length approaching, as though he had intended from the first to enter, he at this juncture appeared in the doorway of the cottage, and saluted its inmates with great courtesy. "Pray enter," said the widow; "all that I have is at your service.”

"I shall do nothing, kind lady," said the stranger, “to make you wish you had been less hospitable. All I at present need is a single draught of water." Ahmed hastened to supply him.

"For hospitality's sake, you will taste a barley-cake?" said the good hostess. "That the blessing of your kindness may fully descend on me," said the guest, "I take and eat it.” His air was gentle and dignified. He seemed to confer a favor, when he so graciously and cordially accepted one.

The good woman seated her guest, and modestly awaited his leisure. After a moment's pause, during which he regarded both mother and son with a benignant glance, he said, “There is no such pleasure in the world as that of doing good. When we can be reasonably certain that what we contemplate will have a favorable result, it is delightful to anticipate and in imagination see the good already accomplished, the happiness already enjoyed. Do you agree with me, kind lady?"

“What you say I know to be quite true," said the mother.

“And you, dear youth?”

"I am equally certain of it," said Ahmed; "though my mother, being older and kinder than I, has had many more proofs of its correctness."

"Well and modestly said," observed the guest. "But, when we would do good, and yet cannot feel certain that what we have projected will be useful

nay, more: when we fear lest the seeming good may turn to evil, then the case is very different; is it not?"

Both his hearers assented to this proposition also, and within themselves were much mystified by these singular observations.

"From the few words I chanced to overhear just now," he resumed, addressing the mother, "I infer that your

son is in dejection on account of his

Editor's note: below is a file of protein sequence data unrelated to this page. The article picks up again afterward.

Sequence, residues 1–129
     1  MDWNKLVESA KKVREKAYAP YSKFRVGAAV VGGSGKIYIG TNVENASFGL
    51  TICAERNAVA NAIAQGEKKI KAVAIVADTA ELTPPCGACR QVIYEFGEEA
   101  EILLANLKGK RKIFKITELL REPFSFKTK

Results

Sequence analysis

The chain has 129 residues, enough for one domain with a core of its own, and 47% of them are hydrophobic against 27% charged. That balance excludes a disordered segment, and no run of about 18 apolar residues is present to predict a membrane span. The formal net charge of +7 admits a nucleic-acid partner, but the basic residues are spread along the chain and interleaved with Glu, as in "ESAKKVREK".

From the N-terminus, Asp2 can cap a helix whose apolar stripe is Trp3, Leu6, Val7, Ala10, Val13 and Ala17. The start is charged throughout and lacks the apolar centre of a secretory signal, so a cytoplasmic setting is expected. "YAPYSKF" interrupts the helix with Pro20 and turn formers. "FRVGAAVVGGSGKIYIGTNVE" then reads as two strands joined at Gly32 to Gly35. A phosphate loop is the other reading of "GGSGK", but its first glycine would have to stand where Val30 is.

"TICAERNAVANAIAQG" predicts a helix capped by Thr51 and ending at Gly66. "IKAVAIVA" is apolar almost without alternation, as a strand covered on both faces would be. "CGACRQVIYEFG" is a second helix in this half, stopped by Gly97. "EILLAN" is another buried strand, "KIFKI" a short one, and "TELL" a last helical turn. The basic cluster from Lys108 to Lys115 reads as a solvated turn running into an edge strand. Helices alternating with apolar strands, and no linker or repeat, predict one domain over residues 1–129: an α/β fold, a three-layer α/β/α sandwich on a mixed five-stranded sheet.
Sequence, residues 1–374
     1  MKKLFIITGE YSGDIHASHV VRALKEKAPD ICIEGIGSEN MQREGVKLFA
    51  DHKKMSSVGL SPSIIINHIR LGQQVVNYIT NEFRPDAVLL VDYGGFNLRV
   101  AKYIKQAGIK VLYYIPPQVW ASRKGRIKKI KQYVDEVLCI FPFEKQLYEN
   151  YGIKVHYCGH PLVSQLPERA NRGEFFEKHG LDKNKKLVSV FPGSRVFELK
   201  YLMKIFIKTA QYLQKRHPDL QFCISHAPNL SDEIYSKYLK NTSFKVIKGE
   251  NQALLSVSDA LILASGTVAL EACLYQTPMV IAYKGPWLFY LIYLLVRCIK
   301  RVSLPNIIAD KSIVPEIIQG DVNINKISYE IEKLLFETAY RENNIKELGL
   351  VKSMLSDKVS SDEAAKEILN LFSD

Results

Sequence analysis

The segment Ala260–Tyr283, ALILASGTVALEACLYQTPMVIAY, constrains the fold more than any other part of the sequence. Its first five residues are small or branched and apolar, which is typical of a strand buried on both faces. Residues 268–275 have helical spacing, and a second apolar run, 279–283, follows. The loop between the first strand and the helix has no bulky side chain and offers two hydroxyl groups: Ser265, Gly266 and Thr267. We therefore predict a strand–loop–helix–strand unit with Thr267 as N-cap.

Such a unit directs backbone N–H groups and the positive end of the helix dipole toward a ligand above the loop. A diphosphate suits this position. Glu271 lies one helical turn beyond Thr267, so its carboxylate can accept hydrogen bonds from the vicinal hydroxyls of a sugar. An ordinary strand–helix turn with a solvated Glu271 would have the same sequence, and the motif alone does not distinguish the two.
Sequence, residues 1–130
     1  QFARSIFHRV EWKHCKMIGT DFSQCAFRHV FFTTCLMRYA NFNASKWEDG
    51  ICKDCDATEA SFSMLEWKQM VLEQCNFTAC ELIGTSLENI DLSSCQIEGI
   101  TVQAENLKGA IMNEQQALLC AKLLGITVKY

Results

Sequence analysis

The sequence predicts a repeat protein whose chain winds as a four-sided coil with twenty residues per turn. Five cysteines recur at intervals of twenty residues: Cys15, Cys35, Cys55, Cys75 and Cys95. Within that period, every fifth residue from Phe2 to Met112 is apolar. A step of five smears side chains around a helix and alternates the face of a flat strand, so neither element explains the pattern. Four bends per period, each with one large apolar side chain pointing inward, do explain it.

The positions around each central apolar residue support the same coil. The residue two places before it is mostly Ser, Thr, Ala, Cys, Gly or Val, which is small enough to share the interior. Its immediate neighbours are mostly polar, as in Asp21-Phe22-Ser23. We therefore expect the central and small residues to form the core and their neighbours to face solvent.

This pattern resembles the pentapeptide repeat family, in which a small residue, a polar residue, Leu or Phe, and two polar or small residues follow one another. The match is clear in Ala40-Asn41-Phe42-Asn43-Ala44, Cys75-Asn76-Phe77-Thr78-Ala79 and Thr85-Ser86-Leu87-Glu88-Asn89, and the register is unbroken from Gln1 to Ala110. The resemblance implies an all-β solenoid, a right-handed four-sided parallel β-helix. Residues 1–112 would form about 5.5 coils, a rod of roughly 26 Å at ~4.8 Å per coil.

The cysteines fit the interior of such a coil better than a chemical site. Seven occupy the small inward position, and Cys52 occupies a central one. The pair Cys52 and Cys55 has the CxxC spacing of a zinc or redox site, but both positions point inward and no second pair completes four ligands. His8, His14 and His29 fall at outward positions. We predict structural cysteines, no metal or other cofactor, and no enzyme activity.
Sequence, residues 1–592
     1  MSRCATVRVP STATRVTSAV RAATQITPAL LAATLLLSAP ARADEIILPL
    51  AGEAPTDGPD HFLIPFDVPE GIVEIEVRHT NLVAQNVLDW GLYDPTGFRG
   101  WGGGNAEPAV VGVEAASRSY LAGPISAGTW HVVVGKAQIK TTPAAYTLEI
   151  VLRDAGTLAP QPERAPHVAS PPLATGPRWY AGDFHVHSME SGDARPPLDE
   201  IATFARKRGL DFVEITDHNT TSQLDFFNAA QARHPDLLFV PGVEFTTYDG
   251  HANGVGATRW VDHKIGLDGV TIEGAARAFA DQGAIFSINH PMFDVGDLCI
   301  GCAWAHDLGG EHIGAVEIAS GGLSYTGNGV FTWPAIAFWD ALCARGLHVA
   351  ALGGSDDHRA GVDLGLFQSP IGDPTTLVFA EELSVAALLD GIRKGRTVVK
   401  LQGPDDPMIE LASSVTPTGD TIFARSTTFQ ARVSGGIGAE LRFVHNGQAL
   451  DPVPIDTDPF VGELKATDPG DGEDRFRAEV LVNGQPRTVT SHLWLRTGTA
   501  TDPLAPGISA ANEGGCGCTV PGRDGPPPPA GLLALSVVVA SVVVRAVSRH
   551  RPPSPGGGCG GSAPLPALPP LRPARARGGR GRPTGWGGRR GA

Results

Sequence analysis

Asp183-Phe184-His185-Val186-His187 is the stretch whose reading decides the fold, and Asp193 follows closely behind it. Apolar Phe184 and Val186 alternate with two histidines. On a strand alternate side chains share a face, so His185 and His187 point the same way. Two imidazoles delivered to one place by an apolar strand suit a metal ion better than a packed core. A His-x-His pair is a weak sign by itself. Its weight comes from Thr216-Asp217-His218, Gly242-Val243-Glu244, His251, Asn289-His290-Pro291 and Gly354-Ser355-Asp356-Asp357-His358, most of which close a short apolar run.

poverty. It seems to him that, if he
were rich, he could be the happiest of
mortals. I once, as a poor young man,
had the same conviction. But my real
unhappiness dated from the day I sud-
denly acquired my propefty. Now, 1
am able to assist your son.
The doubt
is, whether what I could confer on him
would prove a blessing or a curse."

When the stranger announced his ability to help poor Ahmed, the youth's countenance lighted up, his eyes glistened, and his breath came and went rapidly through his parted lips.

"An hour ago, kind sir," said the mother, "I should have known well what to say to any plan for aiding my son; I should have declined the offer at once. But in his present state of mind -which I am sure he has not exaggerated in the account he has just given me-I fear that the prospect of a life of poverty would fairly ruin his health. He is in love, as you are aware, and all lovers are alike; not one of them is quite sane. If, therefore, you can do any thing for him, in such a way that he will not be dazzled and spoiled by his good fortune, why, I shall be glad indeed; and there is no need to assure you of our gratitude."

that he may not be kept waiting. Besides, I am very impatient-in fact, half wild!"

"I can well believe that," the mother answered. But she saw, in her son's excitement, a mood quite unfavorable to good impressions. At a venture, then, she said, "Be true to yourself, son Ah"med, and I can ask no more. Do not be dazzled too easily. If there is a choice, choose what is plain. Be modest, and all may turn out well. Go, now; and may the spirit of your dear father protect you!"

"How strange," thought Ahmed, as he turned to go, "that, while I am so full of joy, they are both so serious!"

"We will go up the mountain a little way," said the stranger, who stroked his long beard as he walked, and seemed disposed to contemplation. At length he broke silence by asking Ahmed how long he had been in love.

"Since mid-day," replied Ahmed.

"Ah!" said his companion, "I had supposed it to be an affair of years. And what is your age?"


"And the probable age of your charmer is


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Sixteen, I should say," returned Ahmed.

"I will do my best to please you," said the old man. "The mode and degree of benefit, however, must depend on him alone. In this matter, from the moment I undertake the service, he is to receive no advice from any quarter; his own instincts, his own sense of what is right and good, must decide. Therefore speak now, if you wish to counsel him. I will await him outside." With a courteous bow the stranger then withdrew. "Oh, he is a magician-I'm sure he fire with?" asked his companion. is!" exclaimed Ahmed, joyfully.

"A serious business, truly!" muttered the old man, striding on. He moved so rapidly that Ahmed had almost to run to keep up with him. "Is he laughing at me?" thought the youth.